Rent increases planned by two-thirds of landlords

A survey by the Residential Landlords Association (RLA) has revealed that 65% of landlords questioned are considering increasing their rents as a result of the budget.

The findings contradict the government’s case that the changes to the way landlords are taxed will not lead to a rent increase.

In his recent budget, the Chancellor George Osborne announced that any mortgage interest relief that landlords could claim would be restricted to the basic rate of income tax.

In addition, the automatic entitlement that a landlord enjoyed to a 10% wear and tear allowance will be replaced next year with a new scheme that covers actual expenditure.

The RLA has also revealed that the claim from the Chancellor that the UK’s landlords are enjoying a more favourable tax regime than homeowners is also not true.

Landlords are taxed on capital gains and rental income

The association points to two separate studies which showed that landlords are taxed on capital gains from their property as well as rental income, which homeowners are not.

The RLA’s chairman, Alan Ward, said: “It simply is not correct to say that rental property is taxed more favourably; comparing homeowners with landlords is like comparing apples with pears. They are very different.”

He added: “The Treasury should recognise residential landlords as a business and support the sector in providing vital homes to support a needed flexible labour market.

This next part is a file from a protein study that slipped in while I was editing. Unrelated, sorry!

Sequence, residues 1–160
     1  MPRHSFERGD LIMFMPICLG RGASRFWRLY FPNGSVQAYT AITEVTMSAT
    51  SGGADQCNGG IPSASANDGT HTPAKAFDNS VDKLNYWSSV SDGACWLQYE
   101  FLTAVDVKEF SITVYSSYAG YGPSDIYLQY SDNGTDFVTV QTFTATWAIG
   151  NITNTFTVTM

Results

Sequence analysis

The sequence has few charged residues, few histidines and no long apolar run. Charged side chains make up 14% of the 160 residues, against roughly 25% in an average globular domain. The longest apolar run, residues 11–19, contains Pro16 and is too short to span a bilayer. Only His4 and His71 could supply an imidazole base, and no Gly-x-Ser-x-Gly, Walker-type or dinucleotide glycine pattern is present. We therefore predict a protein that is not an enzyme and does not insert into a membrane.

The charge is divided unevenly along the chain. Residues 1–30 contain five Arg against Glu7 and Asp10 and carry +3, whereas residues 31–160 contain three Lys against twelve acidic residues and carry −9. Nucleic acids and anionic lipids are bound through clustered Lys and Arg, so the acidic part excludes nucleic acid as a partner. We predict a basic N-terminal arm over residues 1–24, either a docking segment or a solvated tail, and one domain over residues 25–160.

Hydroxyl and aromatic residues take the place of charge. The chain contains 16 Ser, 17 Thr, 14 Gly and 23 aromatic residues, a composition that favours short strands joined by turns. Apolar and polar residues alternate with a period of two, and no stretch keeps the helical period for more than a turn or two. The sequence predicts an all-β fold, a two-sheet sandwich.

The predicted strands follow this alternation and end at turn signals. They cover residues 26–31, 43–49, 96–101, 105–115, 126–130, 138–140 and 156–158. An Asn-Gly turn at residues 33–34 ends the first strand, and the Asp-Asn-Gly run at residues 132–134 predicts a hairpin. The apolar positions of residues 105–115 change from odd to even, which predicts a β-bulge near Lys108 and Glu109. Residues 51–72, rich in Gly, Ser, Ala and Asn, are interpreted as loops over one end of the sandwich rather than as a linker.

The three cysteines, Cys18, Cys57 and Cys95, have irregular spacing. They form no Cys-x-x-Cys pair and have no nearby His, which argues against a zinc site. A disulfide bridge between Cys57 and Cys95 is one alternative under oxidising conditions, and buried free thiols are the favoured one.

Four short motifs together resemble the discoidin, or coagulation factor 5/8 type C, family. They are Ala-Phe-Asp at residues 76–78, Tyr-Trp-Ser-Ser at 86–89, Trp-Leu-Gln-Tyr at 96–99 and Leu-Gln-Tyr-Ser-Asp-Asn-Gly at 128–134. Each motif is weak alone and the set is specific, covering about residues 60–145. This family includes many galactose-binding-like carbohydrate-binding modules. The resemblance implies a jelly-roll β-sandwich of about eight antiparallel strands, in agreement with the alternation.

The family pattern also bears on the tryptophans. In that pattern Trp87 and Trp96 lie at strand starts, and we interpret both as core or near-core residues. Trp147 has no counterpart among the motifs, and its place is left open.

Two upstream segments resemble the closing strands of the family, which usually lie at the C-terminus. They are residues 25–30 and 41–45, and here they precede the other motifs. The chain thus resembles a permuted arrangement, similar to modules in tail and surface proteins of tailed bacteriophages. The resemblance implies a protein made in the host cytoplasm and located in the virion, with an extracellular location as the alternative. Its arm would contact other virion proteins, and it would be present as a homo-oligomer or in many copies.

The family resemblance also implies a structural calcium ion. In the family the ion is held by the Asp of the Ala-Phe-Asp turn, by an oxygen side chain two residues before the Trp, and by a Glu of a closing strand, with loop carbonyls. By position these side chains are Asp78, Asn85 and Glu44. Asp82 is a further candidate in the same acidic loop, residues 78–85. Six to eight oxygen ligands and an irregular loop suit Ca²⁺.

“The Finance Bill will drive up rents and choke off supply.”

Leeds bids farewell to ‘accidental landlords’

Meanwhile, one estate agency says that house sales in one city have been so strong that it’s become the first in the UK to see the end of the ‘accidental landlord’.

The claim has been made by Linley & Simpson in Leeds who say that growing numbers of people who could not sell their home during the recession opted to rent them out instead.

As a result, they were given the term of accidental landlords.

However, these accidental landlords have now begun selling their property while the firm is promoting suitable properties to professional landlords for the first time.

Professional landlords looking to expand their portfolio

The situation in Leeds is likely to be repeated in other cities with a strong economy and a growing demand for house sales – and for professional landlords looking to expand their portfolio.

The estate agency says there is a ‘window of opportunity’ for accidental landlords to sell their property to a home buyer or another landlord wanting a rental property.

These properties are in high demand and the firm’s director Will Linley said: “The upsurge in sales has marked the end of the accidental landlord.”


About S Thompson

Simon Thompson is Editor of Landlord News and CEO of

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